The NHS is on the verge of a major staffing crisis, members of the House of Lords have warned.
The changes come into effect in August
In a report they say new EU rules on how long junior doctors can work could create serious problems for hospitals.
The warning follows a review of the European Working Time Directive, which limits the working week of most workers to 48 hours.
In their report peers said the UK was right to insist on workers being allowed to opt-out of the directive.
The European Working Time Directive was introduced in the UK in 1998.
But it did not cover junior doctors, not least because limiting their working week to 48 hours would have crippled many hospitals.
That is set to change in August when their working week will be limited to 58 hours. It is due to be reduced to 48 hours per week by 2009.
The government has been planning for the change for years. It has introduced a new contract for junior doctors, which limits their working week to 56 hours a week.
However, their plans have been thrown into disarray by two recent European Court of Justice rulings.
Judges have ruled that the time doctors spend "on call" in hospital must be counted as time worked.
The House of Lords report warns that these recent rulings means many NHS hospitals will fail to meet the deadline.
"These rulings mean that it cannot possibly comply with this directive by August," said Lord Williamson of Horton, who chaired the committee carrying out the review.
"We've been told that the effect would be tantamount to losing the equivalent of 3,700 junior doctors."
Health Secretary John Reid has written to the European Commission asking it to review the rules.
However, even if changes are agreed they are unlikely to be in place for at least two years.
Lord Williamson urged ministers to take action to ensure the NHS could cope after August.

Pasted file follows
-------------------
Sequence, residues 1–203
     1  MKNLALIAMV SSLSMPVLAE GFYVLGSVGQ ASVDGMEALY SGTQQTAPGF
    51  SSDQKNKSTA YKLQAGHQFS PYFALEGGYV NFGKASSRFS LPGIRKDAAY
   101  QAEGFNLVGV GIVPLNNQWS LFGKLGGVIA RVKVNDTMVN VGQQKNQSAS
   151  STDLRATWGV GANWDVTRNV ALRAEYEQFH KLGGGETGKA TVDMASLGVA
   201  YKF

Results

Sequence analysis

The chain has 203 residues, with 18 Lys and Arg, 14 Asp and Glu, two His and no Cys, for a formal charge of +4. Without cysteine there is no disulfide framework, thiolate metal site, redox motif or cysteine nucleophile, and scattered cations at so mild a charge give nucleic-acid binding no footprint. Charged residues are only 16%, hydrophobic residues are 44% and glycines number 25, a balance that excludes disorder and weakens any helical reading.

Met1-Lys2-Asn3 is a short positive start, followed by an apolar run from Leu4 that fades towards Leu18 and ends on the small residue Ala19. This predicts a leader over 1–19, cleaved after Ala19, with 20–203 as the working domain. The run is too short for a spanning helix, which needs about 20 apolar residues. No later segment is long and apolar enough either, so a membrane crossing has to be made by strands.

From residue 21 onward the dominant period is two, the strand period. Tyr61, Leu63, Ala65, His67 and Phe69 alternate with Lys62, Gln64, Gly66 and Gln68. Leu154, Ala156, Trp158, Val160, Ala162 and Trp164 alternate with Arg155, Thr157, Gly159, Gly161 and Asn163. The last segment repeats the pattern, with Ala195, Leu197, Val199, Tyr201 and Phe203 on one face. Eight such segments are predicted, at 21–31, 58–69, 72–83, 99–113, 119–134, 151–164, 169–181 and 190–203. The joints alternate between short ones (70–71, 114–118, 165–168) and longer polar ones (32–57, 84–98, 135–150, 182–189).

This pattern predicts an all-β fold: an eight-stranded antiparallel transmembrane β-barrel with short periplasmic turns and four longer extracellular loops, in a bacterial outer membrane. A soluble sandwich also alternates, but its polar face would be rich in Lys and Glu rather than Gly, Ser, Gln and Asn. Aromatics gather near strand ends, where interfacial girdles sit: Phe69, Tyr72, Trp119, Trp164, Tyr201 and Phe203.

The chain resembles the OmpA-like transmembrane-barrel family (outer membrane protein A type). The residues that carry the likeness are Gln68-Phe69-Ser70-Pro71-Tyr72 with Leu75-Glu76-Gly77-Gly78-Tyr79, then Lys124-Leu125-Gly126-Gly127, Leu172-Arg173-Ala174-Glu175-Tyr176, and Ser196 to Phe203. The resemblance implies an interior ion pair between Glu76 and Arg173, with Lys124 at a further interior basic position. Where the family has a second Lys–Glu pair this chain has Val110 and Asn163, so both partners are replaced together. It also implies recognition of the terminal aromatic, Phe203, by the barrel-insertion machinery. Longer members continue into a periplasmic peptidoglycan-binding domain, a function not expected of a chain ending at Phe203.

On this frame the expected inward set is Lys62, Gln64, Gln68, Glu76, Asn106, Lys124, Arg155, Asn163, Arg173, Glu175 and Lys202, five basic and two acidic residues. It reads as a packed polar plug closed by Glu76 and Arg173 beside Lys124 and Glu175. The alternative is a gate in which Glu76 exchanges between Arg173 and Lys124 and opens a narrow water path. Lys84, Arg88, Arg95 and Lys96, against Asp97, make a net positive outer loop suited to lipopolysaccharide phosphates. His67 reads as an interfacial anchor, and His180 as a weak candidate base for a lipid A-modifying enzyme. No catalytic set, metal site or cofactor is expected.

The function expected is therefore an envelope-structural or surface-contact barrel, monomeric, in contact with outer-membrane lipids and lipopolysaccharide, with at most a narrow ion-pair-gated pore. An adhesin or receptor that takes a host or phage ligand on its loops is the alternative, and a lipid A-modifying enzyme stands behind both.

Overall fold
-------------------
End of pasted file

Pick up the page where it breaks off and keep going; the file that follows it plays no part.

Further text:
"The UK Government and the Commission must work out a practical solution that improves working conditions for junior doctors over a more realistic timescale," he said.
"Patients' health must not be put at risk. Nor should NHS service or medical training standards suffer."
The Department of Health said it was urging hospitals to try to meet the deadline.
"Compliance with the Working Time Directive is still a legal requirement from August 2004," a spokeswoman said.
"Trusts need to do all they can to achieve compliance and seek to use this as an opportunity to introduce better and more innovative ways of providing services."
The British Medical Association warned the NHS had failed to plan for the change.
"The working time directive is going to have a massive impact on the NHS, and
more needs to be done to prepare hospitals," said its chairman Mr James Johnson.
"Trusts have to ensure that they comply without simply transferring workload to consultants and staff grade doctors, and without introducing working patterns that threaten the quality of medical training."
Shadow Health Secretary Tim Yeo said: "Too little, too late has been done to prepare the NHS for the changes."